This is a reply to a comment left by MJJ on the Muslim Ban thread. I’m putting my response here, and hopefully further discussion of this issue will move to this thread.
I didn’t think Melissa’s cakes has gone bankrupt? They were fined $135,000, but they also received over $500,000 in donations to help them pay the fine, so if they really did go bankrupt it’s hard not to suspect that it wasn’t because of the fine.
Personally, I’m iffy about that case – both the size of the fine, and the ruling itself. But it’s a complex issue. IF we say that wedding cake makers can discriminate, how about grocers and hotels? How about doctors, pharmacists, and lawyers? Many of the same people arguing that Melissa’s Cakes should have been able to discriminate against a gay wedding say the same thing about city clerks – but it seems REALLY dubious to say that government employees should be able to pick and choose who to provide government services to.
This sort of discrimination has, in the past, been a cudgel for bigots to punish marginalized groups with, by making some basic necessities of life unavailable on the market to disfavored people. Everyone has a right to say and think whatever they want; but businesses the provide public accommodations (like selling to people) are more limited. What if the Kleins had refused to provide a cake for a wedding of two Asian customers – should that be legal, in your view?
Regarding two other arguments you made, I’m going to quote from the Judge’s ruling in the Colorado case. Regarding the idea that they weren’t discriminating against lgb people:
Respondents deny that they hold any animus toward homosexuals or gay couples, and would willingly provide other types of baked goods to Complainants or any other gay customer. On the other hand, Respondents would refuse to provide a wedding cake to a heterosexual customer if it was for a same-sex wedding. The ALJ rejects Respondents’ argument as a distinction without a difference.
The salient feature distinguishing same-sex weddings from heterosexual ones is the sexual orientation of its participants. Only same-sex couples engage in same-sex weddings. Therefore, it makes little sense to argue that refusal to provide a cake to a same-sex couple for use at their wedding is not “because of” their sexual orientation.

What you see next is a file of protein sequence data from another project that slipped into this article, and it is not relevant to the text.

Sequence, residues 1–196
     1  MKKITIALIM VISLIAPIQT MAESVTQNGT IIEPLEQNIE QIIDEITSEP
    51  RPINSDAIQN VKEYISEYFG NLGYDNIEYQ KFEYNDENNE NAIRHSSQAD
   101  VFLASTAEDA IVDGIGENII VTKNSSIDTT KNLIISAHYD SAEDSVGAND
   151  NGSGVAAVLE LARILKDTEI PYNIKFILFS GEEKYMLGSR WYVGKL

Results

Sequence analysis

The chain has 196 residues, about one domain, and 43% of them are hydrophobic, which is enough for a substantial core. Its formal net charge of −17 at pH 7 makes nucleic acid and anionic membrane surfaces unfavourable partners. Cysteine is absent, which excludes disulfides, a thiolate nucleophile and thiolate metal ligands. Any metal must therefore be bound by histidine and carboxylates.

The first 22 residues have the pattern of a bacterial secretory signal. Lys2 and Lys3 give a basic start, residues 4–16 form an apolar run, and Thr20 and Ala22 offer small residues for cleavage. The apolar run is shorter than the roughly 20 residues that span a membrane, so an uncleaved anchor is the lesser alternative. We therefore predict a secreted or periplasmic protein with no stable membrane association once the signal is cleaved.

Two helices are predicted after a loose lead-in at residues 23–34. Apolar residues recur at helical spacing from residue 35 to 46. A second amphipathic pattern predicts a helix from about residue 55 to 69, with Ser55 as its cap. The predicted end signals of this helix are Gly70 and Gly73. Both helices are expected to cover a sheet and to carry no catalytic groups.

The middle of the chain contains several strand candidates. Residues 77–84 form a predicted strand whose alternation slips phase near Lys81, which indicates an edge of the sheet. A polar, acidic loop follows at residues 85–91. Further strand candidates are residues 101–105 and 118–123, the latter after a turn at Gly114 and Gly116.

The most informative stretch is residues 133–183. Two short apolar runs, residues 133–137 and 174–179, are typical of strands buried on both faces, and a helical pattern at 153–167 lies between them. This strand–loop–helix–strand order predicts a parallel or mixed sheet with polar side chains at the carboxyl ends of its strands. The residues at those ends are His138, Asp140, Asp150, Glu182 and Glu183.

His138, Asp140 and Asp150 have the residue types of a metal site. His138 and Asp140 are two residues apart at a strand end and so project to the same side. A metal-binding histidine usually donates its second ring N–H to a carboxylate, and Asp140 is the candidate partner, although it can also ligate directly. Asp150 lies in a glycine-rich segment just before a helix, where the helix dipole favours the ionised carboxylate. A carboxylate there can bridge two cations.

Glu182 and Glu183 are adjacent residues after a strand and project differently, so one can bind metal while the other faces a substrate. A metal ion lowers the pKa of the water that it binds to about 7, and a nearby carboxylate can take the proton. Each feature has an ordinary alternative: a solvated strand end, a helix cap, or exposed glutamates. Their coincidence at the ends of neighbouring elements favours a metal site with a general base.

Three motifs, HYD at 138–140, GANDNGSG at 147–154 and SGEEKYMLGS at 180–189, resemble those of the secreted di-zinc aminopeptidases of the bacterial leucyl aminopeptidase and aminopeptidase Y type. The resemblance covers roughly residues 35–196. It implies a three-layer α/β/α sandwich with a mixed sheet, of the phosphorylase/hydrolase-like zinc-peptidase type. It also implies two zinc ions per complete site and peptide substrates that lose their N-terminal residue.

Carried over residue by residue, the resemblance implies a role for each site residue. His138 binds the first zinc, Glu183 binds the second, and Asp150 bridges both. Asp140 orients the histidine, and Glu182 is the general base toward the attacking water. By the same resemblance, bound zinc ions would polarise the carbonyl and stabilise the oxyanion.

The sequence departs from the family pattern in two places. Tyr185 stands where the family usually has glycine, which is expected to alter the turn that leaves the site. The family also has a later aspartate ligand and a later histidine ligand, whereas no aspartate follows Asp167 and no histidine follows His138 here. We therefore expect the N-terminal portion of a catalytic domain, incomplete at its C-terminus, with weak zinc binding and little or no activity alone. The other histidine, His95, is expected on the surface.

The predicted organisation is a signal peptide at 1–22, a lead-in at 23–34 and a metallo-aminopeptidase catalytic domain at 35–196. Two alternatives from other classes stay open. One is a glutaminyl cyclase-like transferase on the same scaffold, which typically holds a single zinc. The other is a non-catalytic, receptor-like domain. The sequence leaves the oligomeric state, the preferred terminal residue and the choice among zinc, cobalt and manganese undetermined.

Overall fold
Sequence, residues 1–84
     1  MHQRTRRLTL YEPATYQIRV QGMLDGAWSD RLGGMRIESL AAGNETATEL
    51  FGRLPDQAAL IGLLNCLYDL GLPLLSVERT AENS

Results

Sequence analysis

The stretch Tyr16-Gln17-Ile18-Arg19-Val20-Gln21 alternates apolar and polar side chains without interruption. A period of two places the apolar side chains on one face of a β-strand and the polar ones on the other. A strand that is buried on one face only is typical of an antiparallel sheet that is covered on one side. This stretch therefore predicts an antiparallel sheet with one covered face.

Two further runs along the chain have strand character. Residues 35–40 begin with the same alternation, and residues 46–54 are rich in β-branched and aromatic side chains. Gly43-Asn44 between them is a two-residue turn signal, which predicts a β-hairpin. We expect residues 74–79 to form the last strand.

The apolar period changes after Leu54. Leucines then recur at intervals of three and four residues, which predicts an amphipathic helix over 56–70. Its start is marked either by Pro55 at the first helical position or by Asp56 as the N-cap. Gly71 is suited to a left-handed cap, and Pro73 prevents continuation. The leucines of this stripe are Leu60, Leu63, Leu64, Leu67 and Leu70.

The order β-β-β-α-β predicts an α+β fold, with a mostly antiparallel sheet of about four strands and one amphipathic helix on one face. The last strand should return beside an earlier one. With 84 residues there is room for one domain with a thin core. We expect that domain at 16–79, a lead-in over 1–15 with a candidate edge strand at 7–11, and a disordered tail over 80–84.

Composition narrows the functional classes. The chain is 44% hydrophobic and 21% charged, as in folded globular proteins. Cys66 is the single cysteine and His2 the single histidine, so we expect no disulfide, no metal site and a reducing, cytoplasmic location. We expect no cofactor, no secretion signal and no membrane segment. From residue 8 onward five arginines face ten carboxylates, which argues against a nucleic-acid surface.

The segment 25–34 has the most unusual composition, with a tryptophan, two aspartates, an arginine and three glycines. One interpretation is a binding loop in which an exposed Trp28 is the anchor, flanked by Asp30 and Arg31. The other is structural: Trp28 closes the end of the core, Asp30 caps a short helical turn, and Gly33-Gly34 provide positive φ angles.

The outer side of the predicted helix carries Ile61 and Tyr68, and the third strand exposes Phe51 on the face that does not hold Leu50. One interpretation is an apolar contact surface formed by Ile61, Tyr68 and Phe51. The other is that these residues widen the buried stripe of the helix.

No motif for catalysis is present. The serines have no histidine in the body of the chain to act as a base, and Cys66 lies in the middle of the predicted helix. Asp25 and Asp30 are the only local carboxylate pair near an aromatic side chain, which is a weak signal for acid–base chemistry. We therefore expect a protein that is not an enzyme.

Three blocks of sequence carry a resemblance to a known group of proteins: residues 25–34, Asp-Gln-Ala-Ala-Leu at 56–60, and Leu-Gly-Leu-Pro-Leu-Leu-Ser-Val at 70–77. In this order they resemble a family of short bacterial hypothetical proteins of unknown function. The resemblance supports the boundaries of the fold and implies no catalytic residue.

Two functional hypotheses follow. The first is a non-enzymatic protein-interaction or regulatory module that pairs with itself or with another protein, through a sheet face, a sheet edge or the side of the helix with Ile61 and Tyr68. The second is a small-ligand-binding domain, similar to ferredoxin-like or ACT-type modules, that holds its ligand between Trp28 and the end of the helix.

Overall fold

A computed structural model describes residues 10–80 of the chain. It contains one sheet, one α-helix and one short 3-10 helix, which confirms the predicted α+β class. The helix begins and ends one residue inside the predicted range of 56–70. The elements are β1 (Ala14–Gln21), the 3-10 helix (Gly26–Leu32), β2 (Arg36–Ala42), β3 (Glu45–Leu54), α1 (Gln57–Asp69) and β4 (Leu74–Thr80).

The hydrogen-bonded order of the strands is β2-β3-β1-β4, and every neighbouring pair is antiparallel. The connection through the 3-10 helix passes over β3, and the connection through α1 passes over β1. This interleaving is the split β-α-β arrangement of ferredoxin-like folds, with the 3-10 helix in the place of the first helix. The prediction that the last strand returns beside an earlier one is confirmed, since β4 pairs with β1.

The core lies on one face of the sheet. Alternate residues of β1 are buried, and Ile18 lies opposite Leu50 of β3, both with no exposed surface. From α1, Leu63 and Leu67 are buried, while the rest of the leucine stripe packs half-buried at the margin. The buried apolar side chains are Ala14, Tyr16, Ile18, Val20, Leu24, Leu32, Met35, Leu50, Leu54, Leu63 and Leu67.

And regarding the idea that baking a cake is an act of speech (which might therefore receive first amendment protection):
The undisputed evidence is that Phillips categorically refused to prepare a cake for Complainants’ same-sex wedding before there was any discussion about what the cake would look like. Phillips was not asked to apply any message or symbol to the cake, or to construct the cake in any fashion that could be reasonably understood as advocating same-sex marriage. After being refused, Complainants immediately left the shop. For all Phillips knew at the time, Complainants might have wanted a nondescript cake that would have been suitable for consumption at any wedding. Therefore, Respondents’ claim that they refused to provide a cake because it would convey a message supporting same-sex marriage is specious. The act of preparing a cake is simply not “speech” warranting First Amendment protection.
The same thing is true of Melissa Klein; she refuses to bake a cake for a same-sex wedding, regardless of what message the cake conveys or what the content of the cake is. I don’t see how her speech is infringed by a generic wedding cake with no words or figures on it, for example. And if providing a generic good is an infringement on speech, then who else can claim that providing goods to a wedding is speech? The company that sells the aisle runner? The company that sells the disposable plates?